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coleoptera-kinbote:

vassraptor:

music-in-the-bell-jar:

masrekaya:

legacysam:

hmwhatthehell:

do u ever feel like you’ve accidentally tricked certain people into thinking you are smarter and have more potential than you actually do and do you ever think about how disappointed they’ll be when you inevitably crash and burn

Fun fact: Impostor Syndrome is ridiculously common among high-achievers, particularly women. If you identify with this post, odds are pretty good that you’re exactly as smart as people think you are, and the failure you’re afraid of isn’t inevitable at all.

Even Maya Angelou stated, “I have written 11 books, but each time I think, ‘Uh oh, they’re going to find out now. I’ve run a game on everybody, and they’re going to find me out.’”

and don’t forget this is one of the psychological barriers placed in by thousands years of patriarchy and male supremacy.

My computer science professor actually talked about this on the first day, it was really cool.

Fun brutal fact: in addition to the existence of imposter syndrome, being “twice exceptional” (also known as 2e) is also a thing. That means being intellectually gifted AND ALSO having a disability that affects your ability to succeed at study or work. Such as ADHD, autism, dyslexia, dyscalculia, etc etc etc. A lot of people believe that it’s not possible to be both, but it very much is.

Society tends to have very high expectations for how well gifted people will perform. Society tends to have low expectations for how well disabled people will perform. Society tends to attribute invisible disabilities, including mental illness, to a failure of willpower or effort or a bad attitude.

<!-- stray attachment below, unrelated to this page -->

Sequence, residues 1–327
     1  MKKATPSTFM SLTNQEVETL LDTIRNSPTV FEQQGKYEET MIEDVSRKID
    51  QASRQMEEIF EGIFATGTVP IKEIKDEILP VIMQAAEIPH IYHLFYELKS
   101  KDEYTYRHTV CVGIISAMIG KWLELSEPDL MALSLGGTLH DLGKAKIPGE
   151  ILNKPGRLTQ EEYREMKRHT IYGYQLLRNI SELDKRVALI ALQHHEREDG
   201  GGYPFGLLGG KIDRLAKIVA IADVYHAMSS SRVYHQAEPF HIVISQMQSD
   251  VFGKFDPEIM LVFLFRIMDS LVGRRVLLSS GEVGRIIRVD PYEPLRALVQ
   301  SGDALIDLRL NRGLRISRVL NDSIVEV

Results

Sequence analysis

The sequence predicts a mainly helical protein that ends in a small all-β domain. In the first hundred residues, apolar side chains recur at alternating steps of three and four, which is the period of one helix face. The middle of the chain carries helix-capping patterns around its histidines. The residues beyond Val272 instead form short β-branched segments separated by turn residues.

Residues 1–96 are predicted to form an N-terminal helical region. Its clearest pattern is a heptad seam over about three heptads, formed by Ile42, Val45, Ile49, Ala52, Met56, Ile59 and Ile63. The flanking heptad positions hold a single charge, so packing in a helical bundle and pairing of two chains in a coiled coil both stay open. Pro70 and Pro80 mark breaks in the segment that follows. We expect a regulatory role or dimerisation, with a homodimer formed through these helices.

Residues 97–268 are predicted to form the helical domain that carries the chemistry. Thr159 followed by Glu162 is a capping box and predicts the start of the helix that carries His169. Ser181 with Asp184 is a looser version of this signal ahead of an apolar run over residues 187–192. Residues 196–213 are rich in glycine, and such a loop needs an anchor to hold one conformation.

So if you read this post and went “no, but seriously, this is not just low self esteem on my part, people keep thinking I’m smart and then I keep crashing and burning and disappointing them and they can’t understand why I didn’t live up to their expectations, it happens again and again and when I tell someone how I feel and ask for help, they just tell me to stop being so hard on myself and that I’ll succeed if I have more self-confidence,” it is not just you.

(Also, one of the previous posts in this thread buried the lede a little. Imposter syndrome is ridiculously common in people from underrepresented groups in academia and other high pressure/high status fields, particularly women and people of colour. Maya Angelou did not only feel out of place because she was a woman.)

This essay also totally changed my view on the intersection of impostor syndrome and mental illness.

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